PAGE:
There are often times when individuals and businesses need to borrow money, and usually, there is nothing wrong with this. Whether it is for improvements, expansion or to purchase additional inventory, there are individuals and businesses that engage in what is otherwise known as “high-risk” lending. Due to the high risk, these lending arrangements are backed by terms and conditions that are significantly more onerous on the borrower than traditional unsecured credit, SBA loans and plain-vanilla secured financing.
Loan-to-own schemes involve high-risk lenders that loan money upfront for short-term (or long-term) financing at high-interest rates, secured by stable and floating liens, and otherwise obligate individuals personally so that they are no longer protected by the ambit of their corporate fiction. Usually, the lender will see a business in need of rehabilitative financing and will extend a loan with terms that oftentimes include traps for the unwary allowing the lender to “default” the borrower(s) and leverage against collateral. If the business is successful in repaying the loan, great! If, however, the business or individual is not successful, the lender then has the ability to swoop in and take control of the business and substitute the original proprietors. Here are some tips to avoid a loan-to-own scheme.
1. Explore all of your financing options first. Borrowing unsecured money is good, however the unsecured lender will usually charge much higher interest rates than a secured lender. In Florida, the statutory maximum amount of interest that can be charged is 18% per annum. There are however exceptions for the calculation of automotive financing (using a point-system) and a maximum allotment of 25% for pawn broking, which is a secured possessory lending model.
2. If a lender is insisting that you secure a loan with personality, business assets, accounts receivable, stocks, inventory, equipment, etc..., try to negotiate the interest rate. A lender should not charge both a high rate of interest and take a secured interest on the items mentioned above.
3. Read the terms closely. Make sure that the lender must provide you with “notice” and “presentment” in the event of a default. Oftentimes, lenders will have borrowers waive these two requirements at the inception of the loan. It is a tactic that sometimes leaves the borrower in the dark and unaware of a default and a subsequent takeover.
4. Beware of terms that may cause you to default beyond simply not making a payment. Sometimes lenders will insist on such strict terms as to almost re-characterize themselves as an owner of the property that they are making a loan towards. This includes high levels of control and terms that require a business proprietor to seek permission on certain business decisions going forward. This is one way that a loan-to-own model can seriously and irreparably affect the relationship. It is important to note that if you are able to, in the future, have the lender because of its overbearing terms re-characterized as an owner. There may be fiduciary duties that the lender will now owe the borrower. Determining whether the lender has breached any of these duties may provide the borrower with some recourse. Further, in the event of a re-characterization, there are circumstances where the “Deeprock” doctrine may be applicable thus requiring the re-characterized lender to be repaid after other creditors. It is crucial that you understand all instances (and potential instances) of default and what your options to cure are.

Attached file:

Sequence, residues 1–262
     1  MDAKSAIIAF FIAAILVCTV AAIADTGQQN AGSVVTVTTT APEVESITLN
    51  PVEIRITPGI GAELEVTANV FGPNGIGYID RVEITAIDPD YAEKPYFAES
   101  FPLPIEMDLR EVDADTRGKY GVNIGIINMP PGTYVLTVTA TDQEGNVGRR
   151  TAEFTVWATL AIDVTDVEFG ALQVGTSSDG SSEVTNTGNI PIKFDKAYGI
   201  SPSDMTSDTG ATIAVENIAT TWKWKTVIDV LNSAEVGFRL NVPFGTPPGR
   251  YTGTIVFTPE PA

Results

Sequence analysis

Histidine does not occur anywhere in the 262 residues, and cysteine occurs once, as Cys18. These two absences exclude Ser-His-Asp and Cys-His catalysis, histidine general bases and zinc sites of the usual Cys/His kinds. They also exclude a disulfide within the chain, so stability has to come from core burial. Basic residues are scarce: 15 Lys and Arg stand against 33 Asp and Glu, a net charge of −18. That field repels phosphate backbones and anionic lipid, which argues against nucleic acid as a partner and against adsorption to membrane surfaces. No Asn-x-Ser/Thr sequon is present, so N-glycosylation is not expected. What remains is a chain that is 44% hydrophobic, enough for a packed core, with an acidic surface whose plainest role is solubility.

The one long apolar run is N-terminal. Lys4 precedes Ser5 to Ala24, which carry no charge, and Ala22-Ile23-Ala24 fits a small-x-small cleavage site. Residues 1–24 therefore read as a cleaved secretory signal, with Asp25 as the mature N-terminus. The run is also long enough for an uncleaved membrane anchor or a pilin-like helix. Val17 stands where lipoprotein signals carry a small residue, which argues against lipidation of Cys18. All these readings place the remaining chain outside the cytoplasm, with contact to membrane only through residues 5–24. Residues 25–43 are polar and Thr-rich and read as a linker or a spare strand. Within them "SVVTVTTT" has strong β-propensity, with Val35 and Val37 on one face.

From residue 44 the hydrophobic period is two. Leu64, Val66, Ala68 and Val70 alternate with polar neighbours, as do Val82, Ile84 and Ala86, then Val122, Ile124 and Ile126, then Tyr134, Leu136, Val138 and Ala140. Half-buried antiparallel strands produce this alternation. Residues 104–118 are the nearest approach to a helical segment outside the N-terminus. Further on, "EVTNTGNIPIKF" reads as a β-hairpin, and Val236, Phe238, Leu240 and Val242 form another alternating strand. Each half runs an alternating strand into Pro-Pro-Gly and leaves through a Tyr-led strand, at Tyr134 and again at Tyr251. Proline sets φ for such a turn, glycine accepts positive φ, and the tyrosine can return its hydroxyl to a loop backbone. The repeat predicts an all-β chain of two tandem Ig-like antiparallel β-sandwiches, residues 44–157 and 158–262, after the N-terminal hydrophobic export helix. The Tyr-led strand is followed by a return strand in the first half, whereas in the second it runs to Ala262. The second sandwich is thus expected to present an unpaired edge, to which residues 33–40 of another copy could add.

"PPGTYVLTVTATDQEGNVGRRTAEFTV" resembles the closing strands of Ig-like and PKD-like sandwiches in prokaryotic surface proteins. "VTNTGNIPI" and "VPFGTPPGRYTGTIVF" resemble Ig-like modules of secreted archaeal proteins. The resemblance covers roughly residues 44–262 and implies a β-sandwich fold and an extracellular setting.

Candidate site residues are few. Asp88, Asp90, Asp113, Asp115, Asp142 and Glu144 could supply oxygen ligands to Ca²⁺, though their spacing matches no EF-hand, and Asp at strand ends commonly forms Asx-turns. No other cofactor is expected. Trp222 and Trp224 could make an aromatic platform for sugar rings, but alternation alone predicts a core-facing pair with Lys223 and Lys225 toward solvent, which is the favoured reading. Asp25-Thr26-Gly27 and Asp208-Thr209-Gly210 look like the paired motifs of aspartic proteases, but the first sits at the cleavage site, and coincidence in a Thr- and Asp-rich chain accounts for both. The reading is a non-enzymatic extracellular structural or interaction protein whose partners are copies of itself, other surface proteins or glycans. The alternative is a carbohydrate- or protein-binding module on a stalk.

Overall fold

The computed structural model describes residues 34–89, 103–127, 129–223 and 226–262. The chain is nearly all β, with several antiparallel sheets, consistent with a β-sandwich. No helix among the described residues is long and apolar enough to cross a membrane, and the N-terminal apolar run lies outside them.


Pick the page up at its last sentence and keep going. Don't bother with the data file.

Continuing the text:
5. Fixed versus adjustable rate loans. It is crucial that you know the terms of your loan. Is it a balloon (interest only for a period of time and then a lump-sum principal payment at some point in the future) or a fixed-rate loan (one that is certain in repayment terms); or, is it adjustable (tied to some market in which the interest amount may change at some point in the future). These are all important terms to know.
6. Finally, if the loan is secured, understand exactly what you are securing the loan by and whether the lender has followed all necessary attachment and notice procedures provided by your state’s adoption of article 9 of the Uniform Commercial Code and/or whether certain state statutory guidelines have been followed beyond what UCC-9 provides. It is also important to understand what a “floating-lien” is (a lien on now existing and after acquired goods or property); and if a personal guarantee is required, what is your maximum extent of personal exposure. Understand, however, that a lender will tell you that the security is “depreciating,” and therefore, there is a need for higher interest rates. It is always appropriate that the business should be valued as a “going-concern” (an operation that is making money) so that the lender doesn’t feel insecure. Also, with a floating lien, the lender acquires its rights in after-acquired goods, property and equipment so if the business is operating normally and acquires the continued attainment of these things, this should be a non-issue.
If you are an individual or a business and you have questions about a prospective lending arrangement, contact Romano Law Group at 561-533-6700 to speak with an attorney so that all of your questions can be answered.